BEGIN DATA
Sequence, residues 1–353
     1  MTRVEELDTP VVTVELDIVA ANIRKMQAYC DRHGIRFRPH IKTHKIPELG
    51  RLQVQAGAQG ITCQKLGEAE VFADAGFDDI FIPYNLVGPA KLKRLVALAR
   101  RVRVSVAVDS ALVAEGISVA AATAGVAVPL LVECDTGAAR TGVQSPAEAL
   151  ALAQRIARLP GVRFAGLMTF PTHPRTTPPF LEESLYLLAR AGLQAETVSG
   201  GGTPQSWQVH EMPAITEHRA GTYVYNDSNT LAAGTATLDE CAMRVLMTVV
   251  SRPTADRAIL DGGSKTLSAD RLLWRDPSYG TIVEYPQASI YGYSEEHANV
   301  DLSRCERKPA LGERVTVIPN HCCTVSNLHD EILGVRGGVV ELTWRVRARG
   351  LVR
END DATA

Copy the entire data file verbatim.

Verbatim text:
Sequence, residues 1–353
     1  MTRVEELDTP VVTVELDIVA ANIRKMQAYC DRHGIRFRPH IKTHKIPELG
    51  RLQVQAGAQG ITCQKLGEAE VFADAGFDDI FIPYNLVGPA KLKRLVALAR
   101  RVRVSVAVDS ALVAEGISVA AATAGVAVPL LVECDTGAAR TGVQSPAEAL
   151  ALAQRIARLP GVRFAGLMTF PTHPRTTPPF LEESLYLLAR AGLQAETVSG
   201  GGTPQSWQVH EMPAITEHRA GTYVYNDSNT LAAGTATLDE CAMRVLMTVV
   251  SRPTADRAIL DGGSKTLSAD RLLWRDPSYG TIVEYPQASI YGYSEEHANV
   301  DLSRCERKPA LGERVTVIPN HCCTVSNLHD EILGVRGGVV ELTWRVRARG
   351  LVR